Sarah Stillman: I learned a lot, investigative methodology–wise, from litigators—watching their process. In the case of the Fijian trafficking victims, I got to be a fly on the wall when one of the women, Vinnie, went through something akin to a deposition. I watched as the attorneys questioned Vinnie about the full arc of her experience in a way that was hyper-detailed and incredibly granular but also deeply thoughtful.
You often hear a phrase in investigative journalism classrooms, and I think Sy Hersh was the one to coin it—“do the chron.” Do the chronology. Watching that method be implemented by lawyers, actually asking Vinnie, “Where exactly were you on that very first day when the recruiters came to get you? What were they wearing? What did they say?” Walking her all the way through—I learned a lot from that.
As someone who had thought a lot about methods for interviewing people who had gone through traumatic situations, I was actually very cautious in a way that I later came to think of as somewhat patronizing. I think I’d been so worried about either scaring them off or making them uncomfortable that I wasn’t respecting the full nature of their experience. I wasn’t fully willing to ask the difficult questions and let the women make choices about what they did and didn’t want to talk about. I was almost preemptively censoring them.
I try to come to my reporting as a real, whole person, not an automaton.
Guernica: Do you start from an observation that something is underreported, or do you work with a strong sense of personal connection to the stories you’re reporting as well?
Sarah Stillman: It’s a little bit of both. I mean, I do have an almost physiological test when I’m reading through documents or speaking to people—not to sound too metaphysical about it, but: Does it give me some tingly sense that this is something I would want to spend the next many months pursuing? Because when you’re working on pieces that aren’t just in-and-out jobs, but entail staying reporting over months—and when you actually have to invest labor and resources into finding out if the story exists at all—I think you really want to feel a wholehearted sense of intellectual and emotional investment. At least, I hope to. But that’s not always something you can tell at the start.
I think when I was doing my very first interviews, I probably brought a notepad and did ask people my first fifteen questions while sitting in a Starbucks or something horrible like that. And I found that, oftentimes, the most important thing at the very first interview is just establishing a personal connection and developing some sort of rapport so that I can go back to them again, and then maybe again, and maybe again after that.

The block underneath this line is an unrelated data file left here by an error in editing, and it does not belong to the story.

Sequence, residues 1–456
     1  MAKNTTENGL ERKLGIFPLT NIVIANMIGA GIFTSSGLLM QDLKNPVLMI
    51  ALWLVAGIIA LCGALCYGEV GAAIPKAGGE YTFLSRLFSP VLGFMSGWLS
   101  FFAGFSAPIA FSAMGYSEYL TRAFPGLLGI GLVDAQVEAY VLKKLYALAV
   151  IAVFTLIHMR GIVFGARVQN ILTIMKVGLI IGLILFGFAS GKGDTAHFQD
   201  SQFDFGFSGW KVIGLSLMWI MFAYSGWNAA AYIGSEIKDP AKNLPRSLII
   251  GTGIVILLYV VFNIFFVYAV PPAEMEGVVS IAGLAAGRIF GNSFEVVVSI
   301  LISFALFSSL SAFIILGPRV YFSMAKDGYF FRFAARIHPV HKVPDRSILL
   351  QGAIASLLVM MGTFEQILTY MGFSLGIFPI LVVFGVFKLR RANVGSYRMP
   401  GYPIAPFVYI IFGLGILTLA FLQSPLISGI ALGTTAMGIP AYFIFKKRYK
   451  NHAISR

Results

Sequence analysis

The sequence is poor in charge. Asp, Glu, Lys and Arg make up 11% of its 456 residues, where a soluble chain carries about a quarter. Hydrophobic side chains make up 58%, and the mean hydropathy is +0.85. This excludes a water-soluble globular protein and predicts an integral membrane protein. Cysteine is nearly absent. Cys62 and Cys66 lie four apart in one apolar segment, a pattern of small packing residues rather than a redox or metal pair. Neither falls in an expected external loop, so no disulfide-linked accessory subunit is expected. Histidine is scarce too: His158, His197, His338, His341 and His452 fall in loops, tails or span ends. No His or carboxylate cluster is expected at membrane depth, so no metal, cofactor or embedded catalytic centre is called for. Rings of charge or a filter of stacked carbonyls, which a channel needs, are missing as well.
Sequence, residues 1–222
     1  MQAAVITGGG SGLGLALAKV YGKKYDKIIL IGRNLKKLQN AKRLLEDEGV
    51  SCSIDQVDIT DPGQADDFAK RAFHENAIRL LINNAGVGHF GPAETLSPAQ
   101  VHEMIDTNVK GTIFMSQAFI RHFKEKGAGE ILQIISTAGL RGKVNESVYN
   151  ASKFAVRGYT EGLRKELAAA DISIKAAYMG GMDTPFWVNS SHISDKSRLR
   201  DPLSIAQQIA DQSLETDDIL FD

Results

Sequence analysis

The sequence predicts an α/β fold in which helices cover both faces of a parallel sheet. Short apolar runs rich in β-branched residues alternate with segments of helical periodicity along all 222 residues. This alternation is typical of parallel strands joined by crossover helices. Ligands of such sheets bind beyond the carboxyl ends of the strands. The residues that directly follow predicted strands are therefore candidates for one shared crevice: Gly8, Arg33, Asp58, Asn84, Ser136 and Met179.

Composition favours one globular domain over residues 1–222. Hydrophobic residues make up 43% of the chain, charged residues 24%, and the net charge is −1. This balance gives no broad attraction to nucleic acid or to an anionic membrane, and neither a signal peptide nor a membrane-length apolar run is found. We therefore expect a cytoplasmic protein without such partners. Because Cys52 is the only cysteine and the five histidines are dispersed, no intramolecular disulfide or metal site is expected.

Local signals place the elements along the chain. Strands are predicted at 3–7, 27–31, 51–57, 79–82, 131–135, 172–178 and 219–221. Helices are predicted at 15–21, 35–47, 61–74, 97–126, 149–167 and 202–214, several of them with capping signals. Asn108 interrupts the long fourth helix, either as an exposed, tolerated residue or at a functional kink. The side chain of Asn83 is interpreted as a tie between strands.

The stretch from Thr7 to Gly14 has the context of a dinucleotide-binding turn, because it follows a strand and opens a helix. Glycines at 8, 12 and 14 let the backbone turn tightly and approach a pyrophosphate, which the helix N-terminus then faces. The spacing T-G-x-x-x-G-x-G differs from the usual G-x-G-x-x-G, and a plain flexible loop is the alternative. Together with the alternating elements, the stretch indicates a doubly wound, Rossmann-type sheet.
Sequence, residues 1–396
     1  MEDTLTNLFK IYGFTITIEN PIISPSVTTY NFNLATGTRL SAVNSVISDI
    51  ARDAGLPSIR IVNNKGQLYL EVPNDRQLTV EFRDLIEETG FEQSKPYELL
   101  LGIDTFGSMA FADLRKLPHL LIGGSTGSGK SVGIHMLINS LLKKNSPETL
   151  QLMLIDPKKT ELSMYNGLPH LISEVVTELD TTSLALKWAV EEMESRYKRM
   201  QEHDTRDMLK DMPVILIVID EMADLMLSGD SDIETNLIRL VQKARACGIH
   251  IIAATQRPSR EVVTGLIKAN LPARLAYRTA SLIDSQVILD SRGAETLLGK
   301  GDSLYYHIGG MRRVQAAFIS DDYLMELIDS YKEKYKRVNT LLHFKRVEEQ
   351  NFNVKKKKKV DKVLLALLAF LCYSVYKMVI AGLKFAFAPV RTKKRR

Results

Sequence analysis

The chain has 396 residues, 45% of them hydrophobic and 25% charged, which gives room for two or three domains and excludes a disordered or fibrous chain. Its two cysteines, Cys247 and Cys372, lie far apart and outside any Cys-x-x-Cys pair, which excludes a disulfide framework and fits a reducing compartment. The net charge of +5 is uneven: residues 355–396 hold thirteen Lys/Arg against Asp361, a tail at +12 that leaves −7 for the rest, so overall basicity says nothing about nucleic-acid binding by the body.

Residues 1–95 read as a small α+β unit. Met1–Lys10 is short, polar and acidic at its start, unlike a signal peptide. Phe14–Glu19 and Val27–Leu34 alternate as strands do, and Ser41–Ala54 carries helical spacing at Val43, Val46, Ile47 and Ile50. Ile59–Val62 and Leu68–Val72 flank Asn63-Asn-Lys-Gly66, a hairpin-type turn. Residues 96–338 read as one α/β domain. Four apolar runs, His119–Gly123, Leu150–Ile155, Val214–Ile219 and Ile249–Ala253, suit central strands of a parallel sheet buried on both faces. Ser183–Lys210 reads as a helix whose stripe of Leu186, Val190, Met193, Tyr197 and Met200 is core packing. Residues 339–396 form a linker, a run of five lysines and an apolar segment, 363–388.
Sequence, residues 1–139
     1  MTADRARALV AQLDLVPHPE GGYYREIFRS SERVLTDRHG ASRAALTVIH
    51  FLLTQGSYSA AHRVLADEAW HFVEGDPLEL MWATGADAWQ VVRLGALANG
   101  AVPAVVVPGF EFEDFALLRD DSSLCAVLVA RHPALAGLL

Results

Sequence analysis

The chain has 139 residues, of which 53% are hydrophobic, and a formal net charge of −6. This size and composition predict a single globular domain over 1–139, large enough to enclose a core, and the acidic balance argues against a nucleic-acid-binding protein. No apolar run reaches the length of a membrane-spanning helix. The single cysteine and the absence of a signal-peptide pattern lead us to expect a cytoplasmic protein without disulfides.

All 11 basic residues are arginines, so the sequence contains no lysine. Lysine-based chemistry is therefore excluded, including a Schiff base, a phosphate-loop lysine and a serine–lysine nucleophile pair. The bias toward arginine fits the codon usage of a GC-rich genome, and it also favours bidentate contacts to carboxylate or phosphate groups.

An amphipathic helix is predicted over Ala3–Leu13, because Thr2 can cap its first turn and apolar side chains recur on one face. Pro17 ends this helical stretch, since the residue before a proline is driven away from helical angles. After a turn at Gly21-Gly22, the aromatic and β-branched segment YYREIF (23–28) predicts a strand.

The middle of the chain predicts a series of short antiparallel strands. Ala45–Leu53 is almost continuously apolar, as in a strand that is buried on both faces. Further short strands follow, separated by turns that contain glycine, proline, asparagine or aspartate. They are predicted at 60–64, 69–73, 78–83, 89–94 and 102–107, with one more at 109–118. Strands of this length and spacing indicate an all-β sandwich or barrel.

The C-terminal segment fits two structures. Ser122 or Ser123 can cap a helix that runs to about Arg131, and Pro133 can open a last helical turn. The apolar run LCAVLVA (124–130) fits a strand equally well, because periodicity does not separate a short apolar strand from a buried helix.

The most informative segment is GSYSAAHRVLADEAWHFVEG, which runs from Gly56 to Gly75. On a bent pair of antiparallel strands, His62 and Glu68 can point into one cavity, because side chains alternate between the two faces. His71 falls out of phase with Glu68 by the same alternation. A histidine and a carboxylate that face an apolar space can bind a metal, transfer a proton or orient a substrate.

In a sense I privilege that over almost anything, even getting the first bits of information that I need. I try to come to my reporting as a real, whole person, not an automaton. And it’s always one of the strange discomforts of the job, that you’re in this very intense moment in someone’s life—you’re engaging with them nonstop—and then suddenly your piece is out and that’s done. It always reminds me that the journalist’s job isn’t to be someone’s friend, or their psychologist, or anything other than what we actually are. And at the end of the day, that can definitely seem like such a strange, extractive relationship. Janet Malcolm writes about that dynamic better than anyone.
It’s been nice, actually, to keep in touch with a lot of the people and families that I’ve written about. Like with the kids I was just writing about from Guatemala, who survived being kidnapped and fleeing violence, it was nice to just sit down in their living room and play bingo with them, go to dinner with the family. And sometimes not thinking about it in such a mechanistic “I am now coming to report and get what I need” way, but just spending time, helps you see a more natural version of who they are too.
Guernica: What’s the role of your editor in all of this?